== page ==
Thursday, 27 March 2014

Philip Ray-Jones and Edward Mackenzie

Media Space at the Science Museum London 7th March 2014

Talk by Edward Mackenzie on



My thanks to Fiona Parry, curator of Media Space here at the Science Museum;     Thank you to the audience.  I am delighted to talk about my late friend Tony Ray-Jones and enthuse over his photographs.

I am Edward Mackenzie artist, recently moved from America and I now live and have a studio in Stoke-on-Trent.


We met in New York City in 1966 and hit it off - we spoke the same language if you will, two different personalities – he akin to Prince Hal, myself leaning towards Richard III.  We shared two important influences as artists: firstly, as living outside our countries for an extended period of time, we were better able to observe our native lands.  Without his time in America, I doubt Tony would have made such potent statements about the English.  The second influence was Alexey Brodovitch, the iconic Russian designer and mentor of photographers. Enough of history, I don’t just want to trip down memory lane.  I’m here to talk about and ponder the work of Tony Ray-Jones artist to artist, not letting personal history skew my view.  

I markedly say artist.  I admit that I do not consider most photography as art - it not being more than a wonderful recording device.  Unlike say painting, or sculpture, photography leaves little room for creativity – a small aperture through which a photographer becomes an artist taking photographs. Consequently more power to photographers recognized as artists.  Tony was one of these.

As to Tony’s product - these Exhibited photos:  I’ve seen these photos again and again - so many times - in all formats, from contact sheets to prints to posters etc.  But, you know what? I keep coming back for more.  Entertained, informed and   inspired yes, but more so intrigued by the mystery of why this work works and continues to captivate and move me.


As an artist myself, I’m fascinated by process, including my own, of how to get from A to B (I don’t mean how to mix egg tempera or the application of gesso).  Tony achieved worthy results via a process more of the mind than the Leica and darkroom.  Not to dismiss his technical process, but unlike some other photographers, he did not get stuck with apparatus and the mechanics of photography - rather, having done that apprenticeship, it acted as a primer to the ‘real stuff’.  Tony’s real process as an artist was mental – not how to photograph, but of what, and why.

These exhibited photos are collectively the point of departure for us seeking an understanding of what lay behind the eyes behind the camera; which begs the question – What was this man all about?  The metaphysician would say – we don’t really see with these (eyes) – we see what we want to see determined by what is in our head – what was in Tony’s?  What is it that makes Tony worthy of inclusion in the pantheon of revered English photographers?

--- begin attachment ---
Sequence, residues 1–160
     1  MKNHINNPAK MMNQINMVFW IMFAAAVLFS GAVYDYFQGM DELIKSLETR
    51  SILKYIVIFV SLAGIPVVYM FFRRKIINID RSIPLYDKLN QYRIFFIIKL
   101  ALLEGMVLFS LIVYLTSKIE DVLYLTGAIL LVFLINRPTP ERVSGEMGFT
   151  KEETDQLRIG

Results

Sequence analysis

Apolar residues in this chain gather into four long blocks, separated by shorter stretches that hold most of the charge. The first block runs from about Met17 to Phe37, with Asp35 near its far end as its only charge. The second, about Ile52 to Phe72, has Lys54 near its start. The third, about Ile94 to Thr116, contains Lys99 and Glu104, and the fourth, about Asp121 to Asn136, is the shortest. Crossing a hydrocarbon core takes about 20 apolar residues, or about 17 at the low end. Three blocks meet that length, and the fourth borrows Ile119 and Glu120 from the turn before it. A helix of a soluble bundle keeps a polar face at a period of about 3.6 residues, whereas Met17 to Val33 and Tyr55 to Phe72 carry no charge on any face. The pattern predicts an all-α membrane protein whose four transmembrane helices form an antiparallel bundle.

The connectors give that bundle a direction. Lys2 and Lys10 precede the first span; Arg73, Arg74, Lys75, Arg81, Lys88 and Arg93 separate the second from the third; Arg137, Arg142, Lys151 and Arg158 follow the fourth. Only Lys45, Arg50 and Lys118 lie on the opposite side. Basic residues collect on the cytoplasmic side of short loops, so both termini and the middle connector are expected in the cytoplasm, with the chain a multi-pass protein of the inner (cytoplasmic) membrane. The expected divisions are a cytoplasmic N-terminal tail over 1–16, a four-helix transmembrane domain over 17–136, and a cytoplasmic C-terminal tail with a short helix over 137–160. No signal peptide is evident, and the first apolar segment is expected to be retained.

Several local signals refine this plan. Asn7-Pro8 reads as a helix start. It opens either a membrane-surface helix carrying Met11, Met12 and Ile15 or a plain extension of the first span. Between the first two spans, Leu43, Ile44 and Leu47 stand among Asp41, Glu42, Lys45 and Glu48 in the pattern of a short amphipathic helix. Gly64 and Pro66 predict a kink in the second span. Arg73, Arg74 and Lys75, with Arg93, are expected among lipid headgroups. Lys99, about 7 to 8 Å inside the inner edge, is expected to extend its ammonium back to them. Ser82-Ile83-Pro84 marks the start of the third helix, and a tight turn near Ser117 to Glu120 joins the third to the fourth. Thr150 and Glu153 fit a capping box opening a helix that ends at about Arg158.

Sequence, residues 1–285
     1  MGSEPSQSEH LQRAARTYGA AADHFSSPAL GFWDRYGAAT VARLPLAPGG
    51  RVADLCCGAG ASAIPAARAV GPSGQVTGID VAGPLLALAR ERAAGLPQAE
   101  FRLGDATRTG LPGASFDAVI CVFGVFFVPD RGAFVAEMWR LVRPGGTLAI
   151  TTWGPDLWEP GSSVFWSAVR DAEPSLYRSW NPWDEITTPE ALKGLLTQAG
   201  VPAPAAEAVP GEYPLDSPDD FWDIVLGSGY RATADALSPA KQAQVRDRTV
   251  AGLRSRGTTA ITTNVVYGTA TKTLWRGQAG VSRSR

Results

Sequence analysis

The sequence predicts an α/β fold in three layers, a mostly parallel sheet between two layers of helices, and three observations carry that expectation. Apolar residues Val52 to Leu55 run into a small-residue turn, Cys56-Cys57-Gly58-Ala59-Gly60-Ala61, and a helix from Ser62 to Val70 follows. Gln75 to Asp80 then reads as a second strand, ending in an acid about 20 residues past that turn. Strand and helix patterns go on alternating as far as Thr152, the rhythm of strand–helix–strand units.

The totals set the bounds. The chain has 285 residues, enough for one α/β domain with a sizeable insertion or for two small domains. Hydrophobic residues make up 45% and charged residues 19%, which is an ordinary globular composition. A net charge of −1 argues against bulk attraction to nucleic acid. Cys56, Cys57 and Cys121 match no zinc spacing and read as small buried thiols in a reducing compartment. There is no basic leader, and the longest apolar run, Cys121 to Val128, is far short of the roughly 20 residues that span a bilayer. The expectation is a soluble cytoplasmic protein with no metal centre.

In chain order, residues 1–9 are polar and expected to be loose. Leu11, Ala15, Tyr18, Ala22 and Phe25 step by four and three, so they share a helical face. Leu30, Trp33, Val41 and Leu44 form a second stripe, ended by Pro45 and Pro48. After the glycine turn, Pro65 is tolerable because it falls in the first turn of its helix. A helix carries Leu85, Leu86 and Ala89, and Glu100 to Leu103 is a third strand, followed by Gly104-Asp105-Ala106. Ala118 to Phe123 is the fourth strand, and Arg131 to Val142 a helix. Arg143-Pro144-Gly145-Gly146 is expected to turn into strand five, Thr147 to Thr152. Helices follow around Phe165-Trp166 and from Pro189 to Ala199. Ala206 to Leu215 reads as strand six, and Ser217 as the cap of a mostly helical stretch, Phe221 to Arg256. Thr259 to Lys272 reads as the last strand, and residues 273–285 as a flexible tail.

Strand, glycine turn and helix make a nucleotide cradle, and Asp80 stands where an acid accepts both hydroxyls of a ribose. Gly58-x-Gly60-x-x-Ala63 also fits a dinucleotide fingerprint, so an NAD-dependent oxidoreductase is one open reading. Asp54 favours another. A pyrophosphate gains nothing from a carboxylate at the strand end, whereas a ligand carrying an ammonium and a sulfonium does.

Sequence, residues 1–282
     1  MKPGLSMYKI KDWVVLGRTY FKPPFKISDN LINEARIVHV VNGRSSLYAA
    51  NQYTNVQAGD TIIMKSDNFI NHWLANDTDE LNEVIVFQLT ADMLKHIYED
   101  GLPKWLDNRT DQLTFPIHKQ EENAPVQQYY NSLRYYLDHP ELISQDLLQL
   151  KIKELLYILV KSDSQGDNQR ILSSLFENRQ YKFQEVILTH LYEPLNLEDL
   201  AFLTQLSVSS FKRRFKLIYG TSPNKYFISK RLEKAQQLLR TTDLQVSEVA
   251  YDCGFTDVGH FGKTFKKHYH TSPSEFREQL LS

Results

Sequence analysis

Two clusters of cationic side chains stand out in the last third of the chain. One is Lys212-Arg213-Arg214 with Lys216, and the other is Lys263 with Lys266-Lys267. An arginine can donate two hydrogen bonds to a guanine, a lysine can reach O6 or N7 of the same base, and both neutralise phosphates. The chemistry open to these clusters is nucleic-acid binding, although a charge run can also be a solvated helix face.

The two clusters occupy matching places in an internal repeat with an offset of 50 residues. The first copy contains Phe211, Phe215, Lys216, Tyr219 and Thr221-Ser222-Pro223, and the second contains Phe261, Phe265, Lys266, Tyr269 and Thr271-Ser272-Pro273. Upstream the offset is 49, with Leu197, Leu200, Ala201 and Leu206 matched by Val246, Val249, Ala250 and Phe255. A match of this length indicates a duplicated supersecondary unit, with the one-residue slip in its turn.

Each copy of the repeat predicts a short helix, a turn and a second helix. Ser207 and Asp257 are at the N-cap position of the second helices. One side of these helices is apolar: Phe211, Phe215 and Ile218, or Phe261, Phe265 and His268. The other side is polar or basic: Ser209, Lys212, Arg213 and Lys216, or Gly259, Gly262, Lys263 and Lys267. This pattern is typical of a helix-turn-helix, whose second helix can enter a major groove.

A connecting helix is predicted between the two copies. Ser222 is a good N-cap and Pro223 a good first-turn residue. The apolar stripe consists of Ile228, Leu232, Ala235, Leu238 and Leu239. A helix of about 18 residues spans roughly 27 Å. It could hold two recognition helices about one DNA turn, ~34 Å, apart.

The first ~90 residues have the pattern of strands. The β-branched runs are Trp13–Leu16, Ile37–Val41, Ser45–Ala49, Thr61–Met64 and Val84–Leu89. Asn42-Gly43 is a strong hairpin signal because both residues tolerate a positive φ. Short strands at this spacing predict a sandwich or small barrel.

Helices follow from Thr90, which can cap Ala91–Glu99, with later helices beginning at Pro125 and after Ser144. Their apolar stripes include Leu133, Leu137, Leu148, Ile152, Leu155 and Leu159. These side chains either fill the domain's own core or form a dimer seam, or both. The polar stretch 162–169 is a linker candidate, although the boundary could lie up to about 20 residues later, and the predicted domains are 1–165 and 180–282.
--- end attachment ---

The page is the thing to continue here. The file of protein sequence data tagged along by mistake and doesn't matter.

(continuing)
Edward Mackenzie’s Personal Take

My personal take on what these images represent and what Tony was about I see as theatre – English theatre!  The photos are filled with enticing theatrical content: happenings and ‘business’, not to mention a splendid cast of characters large and small (in both senses of large and small).  I include the dogs; if you saw the film Billy Elliot you might remember the dog running up the incline behind the miners’ terrace.  In the accompanying text of this exhibition, someone alluded to the viewer being drawn beyond left and right of frame - curious to know what is happening there – stage left and stage right if you will, pre and post the moment recorded.

Ray-Jones photos tell a story – a drama, but incompletely, leaving the audience (us) wondering what we missed in Act I, Scene 2, or what is going to happen in Act III. What about that silent figure tucked in to the side of the caravan in Morecambe 1967 - what is he up to?  We want to know - and what about the dog?  We are talking ENGLAND as seen by an English photographer – perhaps an artistic cousin of Harold Pinter, or Arnold Wesker, or dare I suggest Arnold Bennett (a favourite son of Stoke where EM lives).  It’s a drama - leaving us to our own devices this side of the footlights– no going back stage to see the actors of this very English drama taking their make-up off.

We are drawn in, only so far.  The mystery and speculation are the enticing stuff of art.  In the incompleteness of this drama the observers (audience) are free to speculate and thus join in, making a contribution – becoming participants in the play.  No less than as participants at the National, MOMA or Tate Galleries.  The photos are as stills in a moving picture rich enough to stand alone.  See Ramsgate 1968 – Walls Ice-cream! Evocative of sticky fingers on leatherette cinema seats – there’s another dog!

I have no definite answer for what makes Tony’s work worthy and esteemed.  I like not knowing.  I want the R. C. Sheriff play not to end.  It is something to do with a kind of power inherent in the incompleteness of story, encouraging query and wonder, the more meaningful minus completeness and closure, as was the life of Tony Ray-Jones, tragically snuffed out at the age of 30.


So, try it on – have another look see at Tony’s evocative photographs.  We are left to question and ponder – no glib explanation will do.  I like the question ‘What was this man about?’  Again, I offer no clear answer, except to say whatever Tony was about it is good enough for us to return again and again for another sip at the fountain of his mind.  Here’s to you Tony, wherever your spirit resides, thanks for the black and white memories.

[Ed Mackenzie and Tony Ray-Jones were fellow students at Alexey Brodovitch's now-famous Design Laboratory some time after me, Tony at Yale the year following me and Ed later. The two met when Tony went to work in New York.  My thanks to Ed Mackenzie for letting me post his talk here. J B-H]